CANU says wrongfully named in gold seizure, detention of NY-bound passenger

Last Updated on Saturday, 23 January 2016, 8:54 by Denis Chabrol

The Customs Anti Narcotics Unit (CANU) Friday night refuted claims in a High Court action filed by an outgoing Guyanese passenger to New York that its agents seized jewellery and detained him for four hours resulting in him missing his flight.

CANU Head, James Singh said none of his anti-drug agents was involved in the seizure of jewellery from Richard Ramjit at the Cheddi Jagan International Airport on January 19, 2016. “This has nothing to do with CANU. This is a police matter, not my unit. We had nothing to do with it,” he told Demerara Waves Online News.

He said the law enforcement agent, Travis Leitch, is instead a member of the Guyana Police Force’s Criminal Investigations Department (CID). “I don’t have anybody by the name of Leitch working at my agency. Leitch is police,” he said. “In no way was CANU involved in this matter nor did any CANU rank seize any jewellery, detain any individual or anything like that whatsoever,” said Singh.

“CANU would like to state that the officers who identified themselves as CANU officers, are not members the unit, nor were they ever members of the unit. Furthermore, no CANU Officer was involved in that operation at any time. CANU officers on duty are uniformed and display their issued Identification card with their names,” he said.

But the passenger’s lawyer, Anil Nandlall, insisted that the agent who conducted the seizure is a CANU officer.

“A CANU officer seized the man’s thing and handed it over to SOCU (Special Organised Crime Unit). We now understand that the jewellery is kept at SOCU so I don’t know what a CANU officer was doing checking for smuggled gold or trying to enforce the AML/CFT (Anti Money Laundering and Countering of Financing Terrorism) Act,” he said. Nandlall said Ramjit asked the agent his name and he told him that he was Leitch and that he was a CANU officer, a portfolio he confirmed with CID.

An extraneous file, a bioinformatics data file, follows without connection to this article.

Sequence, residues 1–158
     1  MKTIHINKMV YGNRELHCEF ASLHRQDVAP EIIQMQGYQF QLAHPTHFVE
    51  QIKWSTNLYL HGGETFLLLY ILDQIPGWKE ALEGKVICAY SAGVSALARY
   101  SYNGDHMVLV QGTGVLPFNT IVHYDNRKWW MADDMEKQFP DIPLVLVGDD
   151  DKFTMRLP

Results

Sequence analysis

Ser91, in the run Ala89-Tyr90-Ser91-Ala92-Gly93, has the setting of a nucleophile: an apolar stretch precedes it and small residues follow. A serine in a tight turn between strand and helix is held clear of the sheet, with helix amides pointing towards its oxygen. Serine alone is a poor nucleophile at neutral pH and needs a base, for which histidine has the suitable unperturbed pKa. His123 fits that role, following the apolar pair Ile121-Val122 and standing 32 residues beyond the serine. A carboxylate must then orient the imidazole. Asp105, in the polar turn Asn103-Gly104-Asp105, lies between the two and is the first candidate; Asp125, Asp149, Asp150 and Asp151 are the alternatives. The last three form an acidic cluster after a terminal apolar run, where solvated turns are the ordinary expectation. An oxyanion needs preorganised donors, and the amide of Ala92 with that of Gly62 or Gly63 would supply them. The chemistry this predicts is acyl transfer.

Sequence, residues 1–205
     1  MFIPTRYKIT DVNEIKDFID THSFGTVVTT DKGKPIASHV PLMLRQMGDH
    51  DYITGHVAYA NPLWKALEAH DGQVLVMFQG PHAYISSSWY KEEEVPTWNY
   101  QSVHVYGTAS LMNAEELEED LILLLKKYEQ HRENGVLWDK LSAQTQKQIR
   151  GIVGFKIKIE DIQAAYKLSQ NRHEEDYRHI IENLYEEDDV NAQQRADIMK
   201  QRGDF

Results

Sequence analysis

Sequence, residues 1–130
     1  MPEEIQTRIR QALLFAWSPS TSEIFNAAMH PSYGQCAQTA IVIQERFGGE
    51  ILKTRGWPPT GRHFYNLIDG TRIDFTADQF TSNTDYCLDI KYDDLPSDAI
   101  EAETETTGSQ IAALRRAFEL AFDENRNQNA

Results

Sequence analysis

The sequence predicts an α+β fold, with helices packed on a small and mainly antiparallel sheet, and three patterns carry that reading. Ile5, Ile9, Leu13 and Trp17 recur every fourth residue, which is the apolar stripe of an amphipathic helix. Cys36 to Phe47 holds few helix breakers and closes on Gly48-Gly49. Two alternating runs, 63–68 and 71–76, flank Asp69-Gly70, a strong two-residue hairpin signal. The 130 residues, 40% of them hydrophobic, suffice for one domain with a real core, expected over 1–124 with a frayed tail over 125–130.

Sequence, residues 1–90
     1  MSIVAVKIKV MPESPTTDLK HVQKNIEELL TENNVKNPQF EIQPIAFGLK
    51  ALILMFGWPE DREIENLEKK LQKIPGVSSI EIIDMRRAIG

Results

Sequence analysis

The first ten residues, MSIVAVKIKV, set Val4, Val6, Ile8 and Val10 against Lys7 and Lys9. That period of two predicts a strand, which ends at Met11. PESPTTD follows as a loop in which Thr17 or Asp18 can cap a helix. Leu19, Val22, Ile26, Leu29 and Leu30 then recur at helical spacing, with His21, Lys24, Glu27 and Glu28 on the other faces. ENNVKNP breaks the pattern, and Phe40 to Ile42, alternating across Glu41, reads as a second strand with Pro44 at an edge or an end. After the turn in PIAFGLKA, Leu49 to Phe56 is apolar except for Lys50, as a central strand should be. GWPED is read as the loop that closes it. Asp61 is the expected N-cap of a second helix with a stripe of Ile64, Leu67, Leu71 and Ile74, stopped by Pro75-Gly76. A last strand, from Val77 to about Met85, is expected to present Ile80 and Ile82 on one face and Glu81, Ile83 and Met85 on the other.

Demerara Waves Online News was told that the jewellery was worth US$15,000, above the US$10,000 ceiling at which police and customs could seize and probe under Guyana’s revised financial crimes law.

Nandlall said Leitch took his client on the CJIA tarmac and used a sniffer dog to sniff his client.

Ramjit’s lawyers said the seizure of the jewellery violates Ramjit’s fundamental right and freedom not to have his property compulsorily taken possession of without the prompt payment of adequate compensation as is guaranteed to him by Article 142 of the Constitution of Guyana.

Ramjit says his arrest and detention for more than four hours at the Cheddie Jagan International Airport, Timehri contravened his fundamental right to personal liberty which is guaranteed to him by Article 139 of the Constitution of Guyana and that such detention was unlawful and contrary to the his right to leave Guyana which is guaranteed to him by Article 148 of the Constitution of Guyana.

He also wants the High Court to find that his detention and and seizure of his property and the failure refusal and/or omission of the said officers of the Customs Anti-Narcotics Unit to extend the same treatment to other passengers who wore similar and larger quantity of jewellery  and who were on the same flight or on different flights at or about the same time at the Cheddie Jagan International Airport, Timehri, constitutes a violation of the protection against discriminatory treatment which is guaranteed to the Applicant by Article 149 of the Constitution of Guyana.

The Constitutional Motion was filed on the 21st day of January, 2016, and is fixed for hearing in the constitutional court on the 15th day of February, 2016.